As the U.S. government struggles to come up with a comprehensive national AI plan, the Pentagon is moving forward on its own accord. This summer, the Defense Department announced the establishment of the Joint Artificial Intelligence Center (JAIC), under the direction of the Department of Defense’s chief information officer. With support from the advisory Defense Innovation Board, chaired by former Google head Eric Schmidt, the center will study the role of AI and machine learning in military systems. More specifically, it will coordinate work on high-priority AI initiatives, increase collaboration with the private sector and academia, and try to develop the next generation of AI talent. The council will also likely support the work of the Defense Innovation Unit—Experimental (DIUx), which was established near Silicon Valley in 2015 to partner with civilian companies to introduce high-tech, nontraditional approaches for DOD programs, many of which employ AI processes. Examples of DIUx partnerships include one with a company to identify, track, and autonomously remove rogue drones from the sky, and another to use algorithms to predict mechanical breakdowns in Army armored fighting vehicles for preventive maintenance.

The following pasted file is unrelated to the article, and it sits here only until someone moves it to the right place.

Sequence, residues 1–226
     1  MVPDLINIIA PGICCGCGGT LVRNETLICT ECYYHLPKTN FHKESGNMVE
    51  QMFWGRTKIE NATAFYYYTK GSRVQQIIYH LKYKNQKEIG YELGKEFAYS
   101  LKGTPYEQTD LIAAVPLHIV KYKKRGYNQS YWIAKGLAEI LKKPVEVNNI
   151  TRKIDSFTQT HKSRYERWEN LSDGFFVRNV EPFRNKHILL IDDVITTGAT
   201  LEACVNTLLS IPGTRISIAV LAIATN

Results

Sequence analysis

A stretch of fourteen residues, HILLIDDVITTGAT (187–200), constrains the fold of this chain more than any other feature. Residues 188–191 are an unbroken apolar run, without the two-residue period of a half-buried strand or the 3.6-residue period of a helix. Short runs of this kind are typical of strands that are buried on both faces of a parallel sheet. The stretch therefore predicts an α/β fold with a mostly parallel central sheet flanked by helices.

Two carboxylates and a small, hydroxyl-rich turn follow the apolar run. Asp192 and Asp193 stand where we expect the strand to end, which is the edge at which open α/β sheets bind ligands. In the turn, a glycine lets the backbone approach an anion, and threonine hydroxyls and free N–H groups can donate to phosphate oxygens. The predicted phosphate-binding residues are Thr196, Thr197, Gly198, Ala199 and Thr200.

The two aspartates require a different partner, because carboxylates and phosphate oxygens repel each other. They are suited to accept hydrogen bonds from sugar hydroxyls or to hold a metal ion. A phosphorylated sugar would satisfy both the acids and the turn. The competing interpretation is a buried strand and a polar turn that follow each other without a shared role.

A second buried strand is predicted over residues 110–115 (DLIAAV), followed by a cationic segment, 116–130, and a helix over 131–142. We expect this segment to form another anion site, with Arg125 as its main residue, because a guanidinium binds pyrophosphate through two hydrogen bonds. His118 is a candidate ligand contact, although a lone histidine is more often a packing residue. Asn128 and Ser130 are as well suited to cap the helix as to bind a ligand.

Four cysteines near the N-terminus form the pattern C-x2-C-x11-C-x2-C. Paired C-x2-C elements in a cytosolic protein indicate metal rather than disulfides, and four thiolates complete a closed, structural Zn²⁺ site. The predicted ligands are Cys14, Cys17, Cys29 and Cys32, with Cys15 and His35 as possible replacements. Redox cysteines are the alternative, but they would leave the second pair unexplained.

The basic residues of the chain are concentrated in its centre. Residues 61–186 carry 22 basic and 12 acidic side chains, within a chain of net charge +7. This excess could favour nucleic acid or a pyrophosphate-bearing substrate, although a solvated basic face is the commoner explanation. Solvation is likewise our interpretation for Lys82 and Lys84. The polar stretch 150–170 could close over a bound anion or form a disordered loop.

Given the rapid pace of development in the field, the key to U.S. success in AI may well lie with public-private partnerships of the kind fostered by DIUx. Yet opposition at Google and other tech firms to working with Washington could leave the U.S. government searching for willing partners. Google CEO Sundar Pichai, for example, promised this summer that Google would never work on militarized applications of AI. This pledge arose in response to the backlash to the company’s cooperation in the U.S. Air Force’s Project Maven, an initiative to automate pattern recognition from the massive amount of moving and still imagery captured by drones and satellites. There is little question that the Pentagon’s ultimate interest in AI is to be able to operate more effectively and efficiently, and that means more destructively. Although the counterculture that gave rise to Silicon Valley’s tech leaders may have mellowed into self-interested middle age, working with the U.S. military may remain a bridge too far.